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Relatives and Close Kin Step into Foster Parent Roles

Imagine being a grandmother, retired, living a relatively quiet life in your Milwaukee neighborhood. Now imagine opening your home to not just one or two, but four, children under the age of 10.

That’s exactly what one SaintA client did recently when her granddaughters needed to go into out-of-home care.

As it turns out, she is far from alone. More and more relatives are stepping up to provide care for children removed from their parents. Non-related kin are also coming forward to provide what is known as kinship caregiving. Many who take on these roles do so very informally and without a lot of support. 

An Emerging type of Caregiver
According a national count of foster homes and families, recently published in the Chronicle of Social Change, Wisconsin kinship caregivers make up more than 2,000 foster homes, with 39 percent of all youth in foster care living with relatives – that’s above the national average.
Of those relative caregivers, 10 percent are caring for children without financial support from a child welfare agency. 

The Foster and Kinship Navigators at SaintA are changing all of that. “As kinship care has risen, so has the need for greater resources to help these emerging foster families navigate a complex system,” says Jenny Keefe, SaintA Director of Family Services, in a recent letter to the Chronicle of Social Change.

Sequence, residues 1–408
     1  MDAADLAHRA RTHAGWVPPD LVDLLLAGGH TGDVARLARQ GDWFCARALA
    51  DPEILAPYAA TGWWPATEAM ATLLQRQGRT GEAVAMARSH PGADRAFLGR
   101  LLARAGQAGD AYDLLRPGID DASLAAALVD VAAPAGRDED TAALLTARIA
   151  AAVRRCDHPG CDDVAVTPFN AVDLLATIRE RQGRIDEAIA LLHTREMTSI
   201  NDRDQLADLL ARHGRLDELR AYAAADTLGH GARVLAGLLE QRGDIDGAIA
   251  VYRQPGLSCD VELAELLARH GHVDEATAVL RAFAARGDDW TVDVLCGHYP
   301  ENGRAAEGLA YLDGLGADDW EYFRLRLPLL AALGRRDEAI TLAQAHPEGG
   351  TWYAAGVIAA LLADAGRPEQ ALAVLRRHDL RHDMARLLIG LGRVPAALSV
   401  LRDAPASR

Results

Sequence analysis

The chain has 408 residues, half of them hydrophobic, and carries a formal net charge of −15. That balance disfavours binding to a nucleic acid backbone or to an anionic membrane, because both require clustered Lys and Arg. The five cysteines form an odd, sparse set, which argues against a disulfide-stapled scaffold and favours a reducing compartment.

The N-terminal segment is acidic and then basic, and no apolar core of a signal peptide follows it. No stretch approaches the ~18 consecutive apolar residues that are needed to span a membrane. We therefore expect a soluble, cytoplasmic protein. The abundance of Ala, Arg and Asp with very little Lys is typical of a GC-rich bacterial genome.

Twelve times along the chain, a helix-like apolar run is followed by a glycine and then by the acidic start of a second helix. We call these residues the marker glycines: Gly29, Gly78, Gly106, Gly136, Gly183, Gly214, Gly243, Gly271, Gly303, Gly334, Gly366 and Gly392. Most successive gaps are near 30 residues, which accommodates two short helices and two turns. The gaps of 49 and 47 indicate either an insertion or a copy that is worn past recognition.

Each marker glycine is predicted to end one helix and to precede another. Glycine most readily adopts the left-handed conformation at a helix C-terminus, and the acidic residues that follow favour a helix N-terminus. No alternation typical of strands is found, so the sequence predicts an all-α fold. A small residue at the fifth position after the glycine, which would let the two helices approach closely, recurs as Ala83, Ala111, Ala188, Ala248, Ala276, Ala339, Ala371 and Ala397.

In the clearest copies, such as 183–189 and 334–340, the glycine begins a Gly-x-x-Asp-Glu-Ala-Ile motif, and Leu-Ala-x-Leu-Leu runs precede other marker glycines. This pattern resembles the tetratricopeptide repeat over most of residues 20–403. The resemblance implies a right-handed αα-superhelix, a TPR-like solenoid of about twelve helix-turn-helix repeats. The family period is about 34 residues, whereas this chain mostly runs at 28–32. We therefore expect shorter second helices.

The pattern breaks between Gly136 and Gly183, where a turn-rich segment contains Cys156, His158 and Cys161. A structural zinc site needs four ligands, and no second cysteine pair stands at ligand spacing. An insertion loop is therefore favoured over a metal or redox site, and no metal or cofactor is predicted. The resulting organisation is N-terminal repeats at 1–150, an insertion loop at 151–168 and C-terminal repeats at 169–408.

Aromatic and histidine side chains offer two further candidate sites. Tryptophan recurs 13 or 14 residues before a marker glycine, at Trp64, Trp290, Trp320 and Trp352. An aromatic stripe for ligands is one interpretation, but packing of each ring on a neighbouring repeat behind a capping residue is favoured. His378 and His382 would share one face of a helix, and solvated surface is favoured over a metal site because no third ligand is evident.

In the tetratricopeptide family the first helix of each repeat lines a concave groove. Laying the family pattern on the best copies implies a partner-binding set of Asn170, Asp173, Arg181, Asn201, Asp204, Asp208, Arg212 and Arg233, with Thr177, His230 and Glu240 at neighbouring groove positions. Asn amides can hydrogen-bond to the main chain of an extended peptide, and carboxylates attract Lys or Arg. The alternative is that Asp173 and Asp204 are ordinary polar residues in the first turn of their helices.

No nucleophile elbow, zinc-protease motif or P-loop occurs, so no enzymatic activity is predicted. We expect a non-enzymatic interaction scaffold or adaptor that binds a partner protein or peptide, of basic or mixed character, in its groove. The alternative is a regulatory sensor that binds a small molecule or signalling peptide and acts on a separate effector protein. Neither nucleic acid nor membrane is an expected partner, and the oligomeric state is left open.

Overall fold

“We work to help relatives and other close-kin understand the child welfare system and access resources vital to meeting the needs of children in their care.”

Bursting with Love – and Also at the Seams 
It was September of 2018, when SaintA placed four sisters with their grandmother, Ms. Scott (not her real name.) “Like most relative and kinship caregivers, she took these girls, between the ages of 3 and 9, into her home without hesitation,” explains Shannon Roundtree, a Foster and Kinship Navigator at SaintA.

She wanted the girls to stay together, keep their sibling bond, remain in their own school and be close to extended family.” 

Shannon helped Ms. Scott navigate the child welfare and court systems and secure basic resources for the girls. But there was one big problem: The house was small for five females to share. 

With Shannon’s encouragement, Ms. Scott took the extra step to become licensed, which means she now has access to formal support and training. More importantly, she has just enough financial stability to find a larger house and enroll the girls in more community programs in and around their neighborhood of origin.

Restoring Connections 
“Relative and kinship caregiving minimizes trauma related to being removed from the home and improves child well-being,” adds Jenny. “When a family connection is maintained, children have better behavioral and health-related outcomes.” 

Read our team’s full letter in the Chronicle of Social Change to learn how Foster and Kinship Navigators can help all types of caregivers now and as we draw closer to the Family First Prevention Services Act (FFPSA) taking effect in Wisconsin in 2021.